Thoughts of the day: September 12, 2013


This is from Yahoo Sports, which has been rather active on the investigative trail the last three years. Among the players Yahoo alleges – and apparently backs up with emails and Western Union receipts – took cold, hard cash was Alabama’s D.J. Fluker, an All-American tackle on the 2012 national championship team. The others listed were defensive tackle Fletcher Cox and wide receiver Chad Bumphis of Mississippi State, and quarterback Tyler Bray and defensive end Maurice Couch of Tennessee. The cash came from agents who used former Alabama defensive end Luther Davis as their go-between.


My initial thought upon hearing about the Yahoo Sports allegations was, “And your point is?” After all, this is the Southeastern Conference, which has turned cheating and football probation into somewhat of an art form. There are 14 schools in the SEC and since 1991 the only ones who haven’t gone on probation for football violations are Florida, Missouri and Vanderbilt. Every other school has been on probation at least once and there are three currently serving NCAA jailtime – South Carolina, Mississippi State and Tennessee. This means that Mississippi State and Tennessee could have their current probations lengthened and additional penalties tacked on including the dreaded lack of institutional control. If they get that tacked on, you can almost count on bowl bans.


For playing Fluker, Alabama could be forced to vacate wins, including the national championship game. That’s happened before. If you remember, NCAA probation caused Southern Cal to have its 2004 national title vacated. The seriousness of Southern Cal’s probation and losing its national title had every bit as much to do with Southern Cal stonewalling the investigative process as it did Reggie Bush and family taking a ton of money from an agent. Alabama has no reason not to be fully cooperative with the NCAA, but should there be lenience for Bama considering the school finished a 3-year probation in 2012 and is within that 5-year major infractions window that on paper promises more serious sanctions for a repeat offender?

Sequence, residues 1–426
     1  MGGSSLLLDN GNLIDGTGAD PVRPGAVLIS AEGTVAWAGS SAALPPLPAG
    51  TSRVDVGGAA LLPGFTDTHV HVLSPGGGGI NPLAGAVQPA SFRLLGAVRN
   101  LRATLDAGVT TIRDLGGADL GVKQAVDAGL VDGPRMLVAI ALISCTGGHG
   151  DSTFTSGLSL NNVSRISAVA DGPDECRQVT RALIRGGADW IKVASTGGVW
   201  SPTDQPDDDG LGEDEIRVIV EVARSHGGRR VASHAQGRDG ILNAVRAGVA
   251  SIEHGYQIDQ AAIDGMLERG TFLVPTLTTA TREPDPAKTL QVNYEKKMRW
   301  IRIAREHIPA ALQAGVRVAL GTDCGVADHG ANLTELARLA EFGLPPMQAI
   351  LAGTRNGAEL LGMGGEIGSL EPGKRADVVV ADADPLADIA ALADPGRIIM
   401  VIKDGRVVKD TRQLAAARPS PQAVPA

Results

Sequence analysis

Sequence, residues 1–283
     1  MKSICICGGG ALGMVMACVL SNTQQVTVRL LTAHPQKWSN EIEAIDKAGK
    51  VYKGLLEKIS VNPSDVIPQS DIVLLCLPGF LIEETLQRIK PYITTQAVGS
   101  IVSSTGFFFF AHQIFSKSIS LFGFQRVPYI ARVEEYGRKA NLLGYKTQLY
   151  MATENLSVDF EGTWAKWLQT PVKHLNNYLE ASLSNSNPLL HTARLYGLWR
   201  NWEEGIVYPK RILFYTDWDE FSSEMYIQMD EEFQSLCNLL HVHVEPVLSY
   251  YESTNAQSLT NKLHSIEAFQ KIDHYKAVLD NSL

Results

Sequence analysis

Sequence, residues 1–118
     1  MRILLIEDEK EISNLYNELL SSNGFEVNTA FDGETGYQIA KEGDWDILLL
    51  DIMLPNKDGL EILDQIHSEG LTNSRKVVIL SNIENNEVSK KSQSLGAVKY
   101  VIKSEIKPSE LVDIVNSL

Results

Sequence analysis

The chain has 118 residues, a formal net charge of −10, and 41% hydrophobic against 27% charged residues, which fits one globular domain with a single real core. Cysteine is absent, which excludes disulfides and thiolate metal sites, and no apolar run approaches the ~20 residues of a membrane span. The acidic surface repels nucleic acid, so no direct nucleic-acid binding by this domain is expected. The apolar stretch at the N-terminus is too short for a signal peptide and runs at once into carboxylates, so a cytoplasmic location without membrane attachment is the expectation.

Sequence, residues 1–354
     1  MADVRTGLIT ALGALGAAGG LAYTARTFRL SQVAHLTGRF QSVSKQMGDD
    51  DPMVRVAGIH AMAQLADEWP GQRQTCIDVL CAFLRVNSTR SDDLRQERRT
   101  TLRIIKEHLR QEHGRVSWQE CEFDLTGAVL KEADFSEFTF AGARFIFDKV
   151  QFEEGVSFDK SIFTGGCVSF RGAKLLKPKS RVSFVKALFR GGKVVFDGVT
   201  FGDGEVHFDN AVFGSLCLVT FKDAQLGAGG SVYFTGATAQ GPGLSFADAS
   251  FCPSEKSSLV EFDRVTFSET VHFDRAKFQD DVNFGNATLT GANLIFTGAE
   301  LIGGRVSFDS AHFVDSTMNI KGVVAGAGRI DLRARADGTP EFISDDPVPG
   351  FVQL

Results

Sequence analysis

The recently-completed probation at Alabama was all about impermissible benefits to student-athletes in the following sports: football, baseball, softball, gymnastics, men’s and women’s basketball, men’s and women’s golf, men’s and women’s swimming, men’s and women’s tennis, men’s and women’s indoor and out door track; soccer and volleyball. It resulted in vacating 16 football wins in 2005-06 when Mike Shula was the coach and 5 football wins in 2007, Nick Saban’s first year on the job. Football had those wins vacated because Alabama was viewed as a repeat offender from a 5-year probation (ended in 2007) that resulted in the loss of 21 scholarships for extra benefits and violations of the recruiting rules. The 2002 probation was harsher than it should have been because Alabama basketball got hit with sanctions in 1999 and those were on the heels of a 1995 probation that forced Bama to forfeit 9 wins in 1993. So there is a 20-year history of breaking the rules in a big way. Can the NCAA overlook Alabama’s very checkered past?


Since 1991, only one Southeastern Conference school has a clean slate in all sports and that is Florida. Yes, even Vanderbilt has gone on probation for unethical conduct in women’s basketball that cost six scholarships in 1992. A look at probations for football, basketball and women’s basketball since 1991 shows Alabama leading the way in the SEC with five probations followed by South Carolina and Tennessee with three each.

6. THE ALL-TIME SEC CHEATING CHART: In terms of most probations (all sports) since 1953, Vanderbilt is the least penalized program with only the 1992 basketball sanctions. Here is the full list:

Auburn (8): 1957, 1958, 1974, *1979, 1980, *1991, 1993, 2004

* Men’s basketball, football

** Men’s basketball, men’s tennis

Kentucky (7): *1953, 1964, **1976 (2), 1988, 1989, 2002

* Received death penalty in men’s basketball for one year

** Football, men’s basketball

Texas A&M (7): 1957, 1966, 1969, 1977, 1988, 1991, 1994